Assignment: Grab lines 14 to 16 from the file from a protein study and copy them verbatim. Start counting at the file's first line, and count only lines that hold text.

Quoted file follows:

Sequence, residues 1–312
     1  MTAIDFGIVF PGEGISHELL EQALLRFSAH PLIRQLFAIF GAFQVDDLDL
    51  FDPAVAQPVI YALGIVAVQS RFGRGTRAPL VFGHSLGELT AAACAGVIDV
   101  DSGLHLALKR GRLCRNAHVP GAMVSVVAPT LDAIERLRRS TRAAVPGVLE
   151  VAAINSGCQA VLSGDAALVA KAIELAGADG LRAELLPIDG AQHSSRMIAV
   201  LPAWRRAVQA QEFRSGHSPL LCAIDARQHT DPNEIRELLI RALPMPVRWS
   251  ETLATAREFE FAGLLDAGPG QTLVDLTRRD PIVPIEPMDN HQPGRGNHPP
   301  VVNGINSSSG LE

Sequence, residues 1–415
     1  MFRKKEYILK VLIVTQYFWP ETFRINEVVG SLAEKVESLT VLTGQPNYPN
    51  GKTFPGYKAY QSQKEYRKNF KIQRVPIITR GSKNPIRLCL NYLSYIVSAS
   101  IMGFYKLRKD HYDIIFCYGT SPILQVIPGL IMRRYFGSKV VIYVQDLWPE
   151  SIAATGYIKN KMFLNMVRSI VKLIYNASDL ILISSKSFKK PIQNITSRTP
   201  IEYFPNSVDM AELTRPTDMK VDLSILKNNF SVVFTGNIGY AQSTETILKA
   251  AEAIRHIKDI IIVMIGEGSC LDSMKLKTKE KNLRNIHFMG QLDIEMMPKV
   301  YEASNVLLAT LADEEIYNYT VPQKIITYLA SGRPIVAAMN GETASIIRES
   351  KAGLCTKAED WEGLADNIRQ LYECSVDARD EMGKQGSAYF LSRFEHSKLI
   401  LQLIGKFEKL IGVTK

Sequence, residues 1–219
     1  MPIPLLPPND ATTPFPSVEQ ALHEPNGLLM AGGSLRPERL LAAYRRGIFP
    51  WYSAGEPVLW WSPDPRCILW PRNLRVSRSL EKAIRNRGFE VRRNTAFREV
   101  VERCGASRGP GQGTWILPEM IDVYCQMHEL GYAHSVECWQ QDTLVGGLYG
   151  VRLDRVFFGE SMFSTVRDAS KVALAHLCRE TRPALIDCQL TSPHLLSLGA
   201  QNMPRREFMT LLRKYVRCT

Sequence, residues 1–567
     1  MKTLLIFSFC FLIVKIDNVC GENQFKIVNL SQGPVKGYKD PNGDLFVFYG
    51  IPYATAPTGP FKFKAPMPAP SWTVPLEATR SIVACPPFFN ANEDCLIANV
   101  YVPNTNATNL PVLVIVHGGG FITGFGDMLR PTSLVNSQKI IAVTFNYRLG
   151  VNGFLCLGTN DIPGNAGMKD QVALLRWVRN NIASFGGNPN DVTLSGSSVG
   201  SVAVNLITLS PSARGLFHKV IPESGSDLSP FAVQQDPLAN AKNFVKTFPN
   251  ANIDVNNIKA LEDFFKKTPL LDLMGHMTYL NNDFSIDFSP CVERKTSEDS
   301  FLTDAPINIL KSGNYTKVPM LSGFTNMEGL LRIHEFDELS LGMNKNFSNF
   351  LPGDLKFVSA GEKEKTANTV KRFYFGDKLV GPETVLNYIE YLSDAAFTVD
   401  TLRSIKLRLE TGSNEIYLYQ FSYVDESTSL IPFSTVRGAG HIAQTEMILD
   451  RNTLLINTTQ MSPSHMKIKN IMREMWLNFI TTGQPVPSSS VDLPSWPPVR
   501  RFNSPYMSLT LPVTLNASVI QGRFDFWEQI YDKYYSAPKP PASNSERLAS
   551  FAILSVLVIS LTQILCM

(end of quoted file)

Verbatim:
   201  IEYFPNSVDM AELTRPTDMK VDLSILKNNF SVVFTGNIGY AQSTETILKA
   251  AEAIRHIKDI IIVMIGEGSC LDSMKLKTKE KNLRNIHFMG QLDIEMMPKV
   301  YEASNVLLAT LADEEIYNYT VPQKIITYLA SGRPIVAAMN GETASIIRES